Since binary switching is involved in the production of IF carriers, the adder output signal is filtered in passive lowpass filter 17 to eliminate the third or higher order harmonics of the IF frequency. Finally, if only amplitude information is required, the output of filter 17 can be fed to an envelope detector.

A frequency analyzer employing the inventive concepts described above has been designed to display frequencies in the range of -1295 Hz., centered about 105 Hz. There are filter channels spaced 0.5 Hz. apart. Tests have indicated a dynamic range in excess of 40 db. The input signal amplitude was limited to 6 volts, peak-to-peak, so as to provide an undistorted output.

While I have described above the principles of the invention in connection with specific apparatus, it is to clearly understood that this description is made only by way of example and not as a limitation to the scope of the invention as set forth in the objects and accompanying claims.

I claim:

1. A frequency discriminator comprising:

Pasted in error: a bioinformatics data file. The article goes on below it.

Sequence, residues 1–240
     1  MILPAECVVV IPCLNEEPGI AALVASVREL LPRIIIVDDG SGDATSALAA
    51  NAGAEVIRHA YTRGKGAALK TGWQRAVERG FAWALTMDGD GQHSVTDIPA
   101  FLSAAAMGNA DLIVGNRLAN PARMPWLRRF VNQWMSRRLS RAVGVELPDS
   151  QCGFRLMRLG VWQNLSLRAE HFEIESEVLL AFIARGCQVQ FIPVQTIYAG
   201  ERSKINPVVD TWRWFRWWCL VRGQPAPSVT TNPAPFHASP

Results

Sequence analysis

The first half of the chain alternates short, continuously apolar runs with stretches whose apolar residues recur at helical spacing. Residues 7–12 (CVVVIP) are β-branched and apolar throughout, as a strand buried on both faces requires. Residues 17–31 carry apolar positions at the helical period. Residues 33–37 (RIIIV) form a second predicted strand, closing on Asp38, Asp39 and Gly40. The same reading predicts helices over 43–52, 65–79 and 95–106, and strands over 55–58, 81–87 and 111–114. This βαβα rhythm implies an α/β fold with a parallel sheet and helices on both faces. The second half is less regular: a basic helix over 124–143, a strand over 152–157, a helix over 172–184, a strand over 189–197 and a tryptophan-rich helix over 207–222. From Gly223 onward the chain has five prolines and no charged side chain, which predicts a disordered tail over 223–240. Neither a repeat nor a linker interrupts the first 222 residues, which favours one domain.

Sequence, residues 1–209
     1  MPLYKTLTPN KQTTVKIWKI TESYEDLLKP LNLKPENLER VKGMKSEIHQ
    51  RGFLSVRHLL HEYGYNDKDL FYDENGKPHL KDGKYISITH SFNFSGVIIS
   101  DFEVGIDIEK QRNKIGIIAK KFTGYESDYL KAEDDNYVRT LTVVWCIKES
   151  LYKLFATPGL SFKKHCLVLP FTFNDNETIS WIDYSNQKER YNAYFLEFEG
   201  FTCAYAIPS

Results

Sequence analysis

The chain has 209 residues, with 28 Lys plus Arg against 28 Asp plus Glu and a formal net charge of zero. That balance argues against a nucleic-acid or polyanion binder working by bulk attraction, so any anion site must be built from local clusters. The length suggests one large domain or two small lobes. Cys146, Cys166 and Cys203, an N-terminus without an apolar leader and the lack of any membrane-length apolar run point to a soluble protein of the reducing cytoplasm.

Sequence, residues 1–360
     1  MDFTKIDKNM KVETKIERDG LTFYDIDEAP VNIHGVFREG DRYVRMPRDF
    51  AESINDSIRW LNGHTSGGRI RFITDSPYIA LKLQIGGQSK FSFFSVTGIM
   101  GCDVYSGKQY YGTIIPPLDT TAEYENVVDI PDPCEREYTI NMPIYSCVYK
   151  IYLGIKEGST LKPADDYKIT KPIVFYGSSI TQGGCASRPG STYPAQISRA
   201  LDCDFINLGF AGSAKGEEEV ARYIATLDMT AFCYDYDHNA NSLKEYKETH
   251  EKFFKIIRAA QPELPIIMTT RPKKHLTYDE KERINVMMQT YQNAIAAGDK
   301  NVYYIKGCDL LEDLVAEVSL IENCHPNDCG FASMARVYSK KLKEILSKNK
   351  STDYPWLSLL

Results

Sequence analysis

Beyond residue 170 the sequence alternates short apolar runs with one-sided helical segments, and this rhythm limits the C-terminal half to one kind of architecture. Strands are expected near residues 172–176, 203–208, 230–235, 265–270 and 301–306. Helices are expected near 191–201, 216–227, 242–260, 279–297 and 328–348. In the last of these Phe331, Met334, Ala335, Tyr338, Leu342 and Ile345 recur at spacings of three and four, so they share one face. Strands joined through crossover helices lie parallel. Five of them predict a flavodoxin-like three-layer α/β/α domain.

two phase-quadrature filters coupled to an input signal for converting said input signal into two phase-quadrature components;

means for generating two phase-quadrature square waves;

a first and second multiplying means each coupled to one of said square waves and one of said phase-quadrature filter outputs for generating outputs each proportional to the amplitude of corresponding phase-quadrature filter outputs; and

an arithmetic adder coupled to the outputs of said first and second multiplier means, said arithmetic adder having an output whose amplitude and fundamental frequency are independent of the phase of said input signal.

2. A frequency discriminator according to claim 1 where each of said phase-quadrature filters includes:

a source of a reference signal each in phase quadrature and having the same preselected frequency;